Skip to main content

Women and the Law Conference 2006

February 10, 2006

Sexuality at Work

2006 Ruth Bader

Ginsburg Lecturer

Professor Vicki Schultz

Ford Foundation

Professor of Law,

Yale Law School

  • Is sexual conduct appropriate in the workplace?
  • Does a sexually-charged employment setting work to the detriment of women, or
  • Does sanitizing the workplace actually impede gender equality?

These provocative questions are the subject of this year’s Women and the Law Conference, hosted by the Thomas Jefferson School of Law’s Project on Women and the Law. The answer to these controversial questions are complex and expert opinions vary.

Many feminists and management theorists believe that workplace environments should be purged of sexuality. Corporate managers believe that a sexualized workplace leads to inefficiency, and feminists are concerned that sexuality at work perpetuates gender inequality. The California Supreme Court indicated its agreement with this proposition this summer. In Miller v. Department of Corrections, the Court held that employees who are forced to work in a sexually-charged environment can state a cause of action under the California Fair Employment and Housing Act (FEHA). The Court determined that a sexually-charged workplace may create an actionable hostile work environment if female employees receive the demeaning message that they are “sexual playthings” or that their employment is conditioned upon their willingness to engage in sexual conduct with their supervisors.

This year’s conference keynote speaker, Professor Vicki Schultz of Yale Law School, believes that the feminist focus on “sanitizing the workplace” has caused the purging of healthy sexual expression from work. In addition, she is concerned that the focus on sexuality has caused sex discrimination doctrine to veer away from women’s most pressing need: economic parity with men. Professor Schultz’s path-breaking articles, The Sanitized Workplace, 112 YALE LAW JOURNAL 2061 (2003), and Reconceptualizing Sexual Harassment, 107 YALE LAW JOURNAL 1683 (1998), have had a tremendous effect on the way that workplace harassment is perceived.

Professor Vicki Schultz is an expert in employment discrimination law, feminist jurisprudence, and the sociologies of work and gender. A member of the Yale Law School faculty since 1993, she was appointed Ford Foundation Professor Law in 2002. In 2000-2001, she was the Evelyn Green Davis Fellow at the Radcliffe Institute for Advanced Study at Harvard University. In 2001, she taught as a visiting professor at Harvard Law School. Prior to joining the Yale faculty, Professor Schultz was a faculty member at the University of Wisconsin School of Law. She earned her J.D. from Harvard Law School, and was law clerk to U.S. District Judge Robert E. Keeton, and Senior U.S. District Judge Charles E. Wyzankski, Jr. After her clerkships and before beginning her academic career, she served as a trial attorney in the U.S. Department of Justice Civil Rights Division’s Employment Litigation Section.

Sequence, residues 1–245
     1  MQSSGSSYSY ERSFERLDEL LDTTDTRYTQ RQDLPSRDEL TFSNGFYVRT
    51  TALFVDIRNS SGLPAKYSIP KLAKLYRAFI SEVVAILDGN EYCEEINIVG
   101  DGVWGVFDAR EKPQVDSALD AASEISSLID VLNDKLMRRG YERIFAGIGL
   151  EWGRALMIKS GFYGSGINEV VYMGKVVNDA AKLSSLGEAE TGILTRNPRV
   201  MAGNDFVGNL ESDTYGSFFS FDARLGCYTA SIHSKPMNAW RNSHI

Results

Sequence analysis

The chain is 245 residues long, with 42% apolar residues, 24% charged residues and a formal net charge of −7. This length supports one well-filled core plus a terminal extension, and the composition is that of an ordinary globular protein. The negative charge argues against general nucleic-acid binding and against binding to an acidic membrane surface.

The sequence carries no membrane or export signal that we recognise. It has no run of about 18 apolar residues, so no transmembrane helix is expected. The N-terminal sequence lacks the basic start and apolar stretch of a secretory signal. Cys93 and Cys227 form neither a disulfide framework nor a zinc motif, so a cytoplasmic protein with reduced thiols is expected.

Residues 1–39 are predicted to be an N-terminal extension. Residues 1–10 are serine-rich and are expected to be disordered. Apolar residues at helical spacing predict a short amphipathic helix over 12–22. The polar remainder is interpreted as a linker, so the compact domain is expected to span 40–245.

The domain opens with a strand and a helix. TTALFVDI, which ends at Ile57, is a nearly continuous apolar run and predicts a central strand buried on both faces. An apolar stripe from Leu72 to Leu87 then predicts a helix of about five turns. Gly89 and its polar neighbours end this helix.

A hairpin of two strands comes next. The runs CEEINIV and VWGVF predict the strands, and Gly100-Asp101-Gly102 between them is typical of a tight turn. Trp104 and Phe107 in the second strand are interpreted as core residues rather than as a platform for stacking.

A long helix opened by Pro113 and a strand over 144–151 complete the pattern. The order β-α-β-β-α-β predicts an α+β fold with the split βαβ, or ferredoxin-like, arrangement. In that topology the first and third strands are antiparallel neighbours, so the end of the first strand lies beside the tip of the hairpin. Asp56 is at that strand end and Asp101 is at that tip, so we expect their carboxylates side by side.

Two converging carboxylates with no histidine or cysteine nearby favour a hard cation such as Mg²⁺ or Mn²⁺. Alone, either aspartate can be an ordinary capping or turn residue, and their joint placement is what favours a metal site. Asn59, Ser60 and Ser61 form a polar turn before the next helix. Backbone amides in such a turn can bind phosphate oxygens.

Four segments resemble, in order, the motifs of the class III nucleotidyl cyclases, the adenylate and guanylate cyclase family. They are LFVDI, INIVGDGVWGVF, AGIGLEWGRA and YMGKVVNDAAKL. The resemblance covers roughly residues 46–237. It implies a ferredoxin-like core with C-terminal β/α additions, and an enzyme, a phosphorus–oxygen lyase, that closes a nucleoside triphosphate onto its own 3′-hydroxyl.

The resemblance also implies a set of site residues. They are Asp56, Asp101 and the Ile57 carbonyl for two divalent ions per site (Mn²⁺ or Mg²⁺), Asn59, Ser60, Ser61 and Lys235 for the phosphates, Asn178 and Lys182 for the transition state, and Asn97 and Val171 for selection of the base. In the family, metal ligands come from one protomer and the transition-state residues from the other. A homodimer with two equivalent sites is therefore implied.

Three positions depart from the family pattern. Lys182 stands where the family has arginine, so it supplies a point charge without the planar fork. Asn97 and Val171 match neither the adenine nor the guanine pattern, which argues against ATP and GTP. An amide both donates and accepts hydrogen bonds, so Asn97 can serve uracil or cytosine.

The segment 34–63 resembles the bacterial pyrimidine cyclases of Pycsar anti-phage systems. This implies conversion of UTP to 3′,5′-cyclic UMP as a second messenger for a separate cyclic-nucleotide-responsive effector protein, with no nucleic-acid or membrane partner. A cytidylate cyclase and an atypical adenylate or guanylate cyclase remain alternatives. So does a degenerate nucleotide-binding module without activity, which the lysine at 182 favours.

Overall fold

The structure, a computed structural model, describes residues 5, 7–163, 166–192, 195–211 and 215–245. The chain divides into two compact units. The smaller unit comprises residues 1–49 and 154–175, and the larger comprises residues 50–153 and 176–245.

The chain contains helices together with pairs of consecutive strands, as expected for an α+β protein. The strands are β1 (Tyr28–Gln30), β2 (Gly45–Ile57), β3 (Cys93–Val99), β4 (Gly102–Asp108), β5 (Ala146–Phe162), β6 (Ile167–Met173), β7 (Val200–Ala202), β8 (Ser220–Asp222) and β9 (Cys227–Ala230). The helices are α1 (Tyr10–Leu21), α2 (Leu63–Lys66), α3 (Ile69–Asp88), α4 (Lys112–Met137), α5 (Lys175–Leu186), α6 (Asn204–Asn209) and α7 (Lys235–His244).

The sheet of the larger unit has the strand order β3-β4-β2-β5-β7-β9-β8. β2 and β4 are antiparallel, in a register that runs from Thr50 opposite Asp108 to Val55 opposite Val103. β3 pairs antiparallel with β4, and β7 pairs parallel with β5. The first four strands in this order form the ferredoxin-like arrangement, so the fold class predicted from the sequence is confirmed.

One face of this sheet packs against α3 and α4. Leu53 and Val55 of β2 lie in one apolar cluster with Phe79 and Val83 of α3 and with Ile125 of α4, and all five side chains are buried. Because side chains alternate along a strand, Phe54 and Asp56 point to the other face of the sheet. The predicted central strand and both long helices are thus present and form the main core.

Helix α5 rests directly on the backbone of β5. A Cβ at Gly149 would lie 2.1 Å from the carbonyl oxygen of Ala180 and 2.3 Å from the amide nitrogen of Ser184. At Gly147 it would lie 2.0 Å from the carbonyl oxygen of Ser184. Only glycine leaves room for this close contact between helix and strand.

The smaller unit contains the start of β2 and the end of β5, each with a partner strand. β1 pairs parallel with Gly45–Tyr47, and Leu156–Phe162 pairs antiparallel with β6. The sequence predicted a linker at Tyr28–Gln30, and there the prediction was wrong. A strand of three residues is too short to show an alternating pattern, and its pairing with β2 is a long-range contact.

Commentators on the Ruth Bader Ginsburg Lecture:

Ruben J. Garcia, Assistant Professor of Law, joined the faculty at California Western School of Law in 2003, after having taught at the University of California, Davis School of Law. Professor Garcia’s research focuses on labor and employment law, with particular attention to the effects of race, gender, immigration and globalization.

Zachary A. Kramer, Lecturer in Law and Charles R. Williams Project for Sexual Orientation Law Fellow at UCLA School of Law, writes in the areas of law and sexuality, employment discrimination, and family law.

Barbara A. Lawless, of the Law Offices of Lawless & Lawless, is a prominent plaintiff’s attorney who practices, writes and lectures in the areas of wrongful termination, employment discrimination, and sexual harassment law. She is currently an emeritus member of the Board of Consumer Attorneys of California and the former president of the San Francisco Trial Lawyers Association, Ms. Lawless represented Edna Miller in Miller v. Department of Corrections.

M. Isabel Medina, Ferris Family Professor of Law at Loyola University New Orleans School of Law and Visiting Professor at Thomas Jefferson School of Law, has explored the role of gender bias and gender stereotypes in her writings on hostile environment cases, immigration and citizenship law, and domestic violence.

Richard A. Paul , of Paul, Plevin, Sullivan & Connaughton LLP, has been a fixture among management employment lawyers for over 30 years, with a special emphasis on representing institutions of higher education. Mr. Paul is a frequent lecturer on employment law panels nationwide. He has been an adjunct professor at University of San Diego School of Law, teaching employment law, and a regular lecturer at the University of California, San Diego.

Christine Williams, Professor of Sociology at the University of Texas at Austin, conducts research focusing on gender and sexuality in the workplace. She is the author of two books about men and women who work in nontraditional (gender atypical) jobs. Her third book, Inside Toyland: Working, Shopping, and Inequality also focuses on gender and workplace discrimination issues. She has also studied sexuality and sexual harassment in a wide variety of workplace settings. Professor Williams is the editor of the journal, Gender and Society, the top rated journal in the sociology of gender.

Conference Co-Organizers:

Susan Bisom-Rapp

Julie Greenberg


The Center for Law and Social Justice

Thomas Jefferson School of Law is a State Bar of California approved MCLE provider. This program will qualify for Minimum Continuing Legal Education credit by The State Bar of California in the amount of three (3) hours.